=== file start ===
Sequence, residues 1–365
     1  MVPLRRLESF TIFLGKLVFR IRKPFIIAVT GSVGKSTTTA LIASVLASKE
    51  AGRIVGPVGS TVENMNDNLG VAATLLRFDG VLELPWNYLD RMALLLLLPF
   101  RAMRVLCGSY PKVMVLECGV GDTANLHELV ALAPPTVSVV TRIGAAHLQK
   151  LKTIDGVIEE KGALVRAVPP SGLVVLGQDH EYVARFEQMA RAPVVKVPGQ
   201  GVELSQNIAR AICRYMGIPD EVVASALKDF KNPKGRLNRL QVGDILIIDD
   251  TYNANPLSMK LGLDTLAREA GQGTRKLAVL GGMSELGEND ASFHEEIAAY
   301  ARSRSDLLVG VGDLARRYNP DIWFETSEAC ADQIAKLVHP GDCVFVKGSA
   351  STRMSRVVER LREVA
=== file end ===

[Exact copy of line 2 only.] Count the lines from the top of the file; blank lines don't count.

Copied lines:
     1  MVPLRRLESF TIFLGKLVFR IRKPFIIAVT GSVGKSTTTA LIASVLASKE